Smithtown would register homes that are vacant, have had utilities shut off or are in foreclosure under a bill the Town Board is scheduled to take up Nov. 3.
Not all homes that would be placed on the registry are derelict, but the ones that are generate a steady stream of complaints from neighbors about quality of life and endangered property values. Hearings to authorize town cleanup of such properties have become a feature of Town Board meetings, accompanied by photographs of hip-high weeds and refuse-strewn yards.
The bill is intended to avert foreclosure actions and prod owners — who may not be residents but out-of-state banks or limited liability corporations — into doing regular upkeep. It would also for the first time bring regular scrutiny to Smithtown homes that have been sold out of foreclosure by a bank but remain vacant.
Of Smithtown’s 39,357 homes, 902 would go on the registry if the bill were passed into law today, according to town data. Of those, 552 are considered foreclosure properties, whose mortgager has missed three or more payments; 96 have had utilities shut off; and 254 are vacant but not in foreclosure. LLCs own 96 of those vacant homes.
Cathy Caillat, Smithtown’s assistant director of public safety, said LLC involvement was potentially problematic because state records for those companies may not include enough information to contact anyone responsible for property maintenance.
Town officials first identified the LLCs’ role in 2017 when "we started background research for ownership and LLCs kept coming up," said Caillat, who leads a team of three code enforcement officers who track and inspect problem homes. Sometimes the only contact those companies list in state business records is a law firm or accountant, and "they were not being forthcoming with the actual owner’s name and contact information," she added.
The town registry would require a name, phone number, email and mailing address for each property owner. It would also mandate regular maintenance and inspections. Each registrant would pay a $500 fee every six months.
New York State and a number of municipalities, including Babylon, Brookhaven and Smithtown, already track homes that are in or at risk of foreclosure. Helene Caloir, director of the New York State Housing Stabilization Fund at Local Initiatives Support Corporation, which manages the state grants that have funded vacancy work by Smithtown and other Long Island municipalities, said the town’s performance so far had been "the gold standard… They are not just responding to complaints but systematically figuring out where vacants are, who’s responsible."
She cautioned, though, that town officials would need to take special care to avoid inadvertently registering elderly or frail people who might not be able to maintain their properties.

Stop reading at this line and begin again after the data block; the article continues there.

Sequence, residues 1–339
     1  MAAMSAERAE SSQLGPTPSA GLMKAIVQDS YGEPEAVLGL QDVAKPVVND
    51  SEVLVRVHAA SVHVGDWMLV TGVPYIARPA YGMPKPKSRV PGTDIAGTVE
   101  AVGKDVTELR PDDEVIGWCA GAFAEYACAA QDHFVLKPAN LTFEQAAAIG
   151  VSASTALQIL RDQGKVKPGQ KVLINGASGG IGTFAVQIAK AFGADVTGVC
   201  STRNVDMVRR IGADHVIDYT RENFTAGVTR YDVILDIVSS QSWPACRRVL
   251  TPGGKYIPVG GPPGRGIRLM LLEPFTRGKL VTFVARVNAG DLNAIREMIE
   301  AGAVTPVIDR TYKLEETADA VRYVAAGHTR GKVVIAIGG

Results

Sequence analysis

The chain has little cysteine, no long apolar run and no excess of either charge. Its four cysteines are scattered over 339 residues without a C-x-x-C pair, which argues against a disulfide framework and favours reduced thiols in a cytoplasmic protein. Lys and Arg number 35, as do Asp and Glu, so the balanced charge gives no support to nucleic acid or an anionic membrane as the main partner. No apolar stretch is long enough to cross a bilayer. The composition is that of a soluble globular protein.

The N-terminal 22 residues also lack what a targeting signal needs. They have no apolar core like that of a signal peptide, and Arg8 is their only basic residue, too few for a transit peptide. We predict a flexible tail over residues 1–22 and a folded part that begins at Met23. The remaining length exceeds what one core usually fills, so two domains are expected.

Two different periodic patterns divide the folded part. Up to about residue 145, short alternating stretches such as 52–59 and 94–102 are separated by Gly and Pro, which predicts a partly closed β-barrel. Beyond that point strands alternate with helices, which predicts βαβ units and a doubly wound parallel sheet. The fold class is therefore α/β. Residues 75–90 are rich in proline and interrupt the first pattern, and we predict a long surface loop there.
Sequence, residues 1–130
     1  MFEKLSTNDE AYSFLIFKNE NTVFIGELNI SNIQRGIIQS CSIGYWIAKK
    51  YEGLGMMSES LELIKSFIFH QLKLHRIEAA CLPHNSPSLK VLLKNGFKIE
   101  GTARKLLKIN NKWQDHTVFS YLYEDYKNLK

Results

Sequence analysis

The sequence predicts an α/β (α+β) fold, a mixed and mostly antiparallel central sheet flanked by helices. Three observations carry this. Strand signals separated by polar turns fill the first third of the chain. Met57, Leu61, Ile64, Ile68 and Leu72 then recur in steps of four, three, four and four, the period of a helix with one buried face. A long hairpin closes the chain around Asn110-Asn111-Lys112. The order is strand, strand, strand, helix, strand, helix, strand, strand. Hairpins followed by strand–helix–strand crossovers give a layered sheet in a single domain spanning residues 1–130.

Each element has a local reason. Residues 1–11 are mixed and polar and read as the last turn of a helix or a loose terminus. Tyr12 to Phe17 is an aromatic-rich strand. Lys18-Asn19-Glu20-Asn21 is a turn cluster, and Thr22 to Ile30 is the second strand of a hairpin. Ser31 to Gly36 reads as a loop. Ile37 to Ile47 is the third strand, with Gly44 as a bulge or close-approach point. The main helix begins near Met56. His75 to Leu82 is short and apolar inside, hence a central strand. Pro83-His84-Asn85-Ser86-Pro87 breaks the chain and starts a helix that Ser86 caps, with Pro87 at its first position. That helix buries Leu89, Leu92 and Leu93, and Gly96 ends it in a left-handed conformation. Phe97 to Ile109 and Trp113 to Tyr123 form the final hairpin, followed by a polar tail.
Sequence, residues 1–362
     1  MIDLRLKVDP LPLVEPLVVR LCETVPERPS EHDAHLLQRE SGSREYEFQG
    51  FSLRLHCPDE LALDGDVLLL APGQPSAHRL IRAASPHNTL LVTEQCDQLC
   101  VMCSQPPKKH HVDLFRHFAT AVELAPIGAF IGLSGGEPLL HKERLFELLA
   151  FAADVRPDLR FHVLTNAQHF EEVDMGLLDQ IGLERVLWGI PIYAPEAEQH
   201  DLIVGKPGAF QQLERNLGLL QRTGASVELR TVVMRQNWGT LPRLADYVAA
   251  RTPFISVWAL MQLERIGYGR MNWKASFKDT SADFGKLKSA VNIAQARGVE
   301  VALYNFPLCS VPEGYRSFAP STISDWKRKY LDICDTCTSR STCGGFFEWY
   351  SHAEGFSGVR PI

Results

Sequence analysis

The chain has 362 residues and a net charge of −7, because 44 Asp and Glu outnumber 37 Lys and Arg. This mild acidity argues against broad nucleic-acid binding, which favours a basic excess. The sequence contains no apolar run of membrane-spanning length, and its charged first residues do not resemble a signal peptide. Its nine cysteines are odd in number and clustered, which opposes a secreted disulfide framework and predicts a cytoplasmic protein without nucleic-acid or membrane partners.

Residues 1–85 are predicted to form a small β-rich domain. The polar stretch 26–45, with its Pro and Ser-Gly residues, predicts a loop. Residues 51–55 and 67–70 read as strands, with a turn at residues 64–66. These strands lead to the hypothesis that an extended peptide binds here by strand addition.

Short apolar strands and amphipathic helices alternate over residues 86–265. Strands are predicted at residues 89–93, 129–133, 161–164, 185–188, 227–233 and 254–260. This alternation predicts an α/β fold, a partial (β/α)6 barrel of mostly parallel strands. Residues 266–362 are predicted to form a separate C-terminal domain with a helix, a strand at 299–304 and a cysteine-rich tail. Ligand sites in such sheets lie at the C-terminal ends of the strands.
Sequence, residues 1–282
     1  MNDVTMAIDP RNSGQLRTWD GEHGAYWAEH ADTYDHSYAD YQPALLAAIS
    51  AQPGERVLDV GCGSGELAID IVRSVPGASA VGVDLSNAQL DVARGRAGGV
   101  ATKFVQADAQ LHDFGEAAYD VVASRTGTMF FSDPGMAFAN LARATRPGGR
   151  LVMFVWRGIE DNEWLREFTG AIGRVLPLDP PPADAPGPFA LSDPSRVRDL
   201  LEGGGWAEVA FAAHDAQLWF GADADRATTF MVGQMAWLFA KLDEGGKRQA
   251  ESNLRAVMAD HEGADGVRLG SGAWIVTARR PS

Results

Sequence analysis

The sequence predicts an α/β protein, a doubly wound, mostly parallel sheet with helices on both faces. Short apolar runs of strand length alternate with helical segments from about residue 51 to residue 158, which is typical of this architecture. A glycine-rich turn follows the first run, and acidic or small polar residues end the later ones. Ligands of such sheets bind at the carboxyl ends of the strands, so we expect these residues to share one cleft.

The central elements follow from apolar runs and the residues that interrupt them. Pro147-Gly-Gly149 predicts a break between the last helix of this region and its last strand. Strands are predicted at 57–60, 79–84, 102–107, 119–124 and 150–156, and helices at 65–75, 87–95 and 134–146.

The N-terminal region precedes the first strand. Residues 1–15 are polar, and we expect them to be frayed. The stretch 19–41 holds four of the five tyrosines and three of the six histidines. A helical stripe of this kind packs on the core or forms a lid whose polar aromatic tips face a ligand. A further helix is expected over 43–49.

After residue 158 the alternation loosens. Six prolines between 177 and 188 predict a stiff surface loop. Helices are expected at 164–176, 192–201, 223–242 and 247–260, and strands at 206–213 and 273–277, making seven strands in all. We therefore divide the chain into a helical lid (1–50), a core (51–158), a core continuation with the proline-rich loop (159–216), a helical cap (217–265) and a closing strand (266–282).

Andrew Lieb, a real estate lawyer based in Smithtown, said a wrongful listing could result in lawsuits against the town or banks. He also warned that aspects of the town bill could be preempted by state law, though town attorney Matthew Jakubowski disputed this.
"It’s better to lobby the state to clean up state laws," Lieb said. "Go to the assemblyman, go to the senator: ‘Here’s our problem, please help us.’ "
Smithtown’s current vacancy rate is 2.4%, versus 12.29% for Suffolk County, according to data compiled by RealtyTrac and shared by the town. But the cost of ownership is higher in the town, with a median monthly cost of $3,139 versus $2,820 in the county, according to the U.S. Census Bureau. The Census also suggests that a greater portion of homeowners in the town are financially stretched than in the county overall. Of Smithtown households with a mortgage, 29% spend more than 35% of income on ownership costs, versus 27.7% of households in the county overall.
Much of the town’s vacancy problem can be traced to a wave of foreclosures after the 2008 financial crisis.
"Banks had targeted this community because there were many homes of high value," Caillat said. "They were issuing mortgages and second mortgages, and then when the market crashed, many people lost their jobs."
The state Attorney General grant that funds the work of Caillat’s team is due to expire in June. The attorney general's press office did not respond to a question about whether the funding would be continued, though Town Supervisor Edward Wehrheim said the registry would largely pay for itself through its fees. Continued town oversight will be a priority, he said.
Looming even larger than the possible loss of funding is the effect of the pandemic. The number of vacant or foreclosed homes that Smithtown officials track is already up 2.5% from last year, Caillat said. After a statewide hiatus that started last March, foreclosure lawsuits and sales are resuming; a moratorium on foreclosures and evictions for single-family homes for homeowner loans backed by Fannie Mae or Freddie Mac is set to expire Dec. 31.
"There are going to be people who are going to be in default because they are affected," said Susan Vincennie, president of Long Island Profiles, a real estate data provider in Nesconset. "There are also going to be a lot of people who are in default because they stopped paying their mortgage" under lenders’ forbearance programs. Some of those programs will require lump-sum payments and fees that mortgagers may be unable to make, she said. Without intervention, she said, a wave of foreclosure filings could hit in the first quarter of 2021.
Caillat and her colleagues "are bracing ourselves," she said, and have stepped up their outreach to homeowners in distress.
The proposed Smithtown registry would cover:
552 foreclosures, including those where the mortgager has missed three or more payments
254 homes that are vacant but not in foreclosure
96 homes that have had utilities shut off
Source: Smithtown Public Safety Department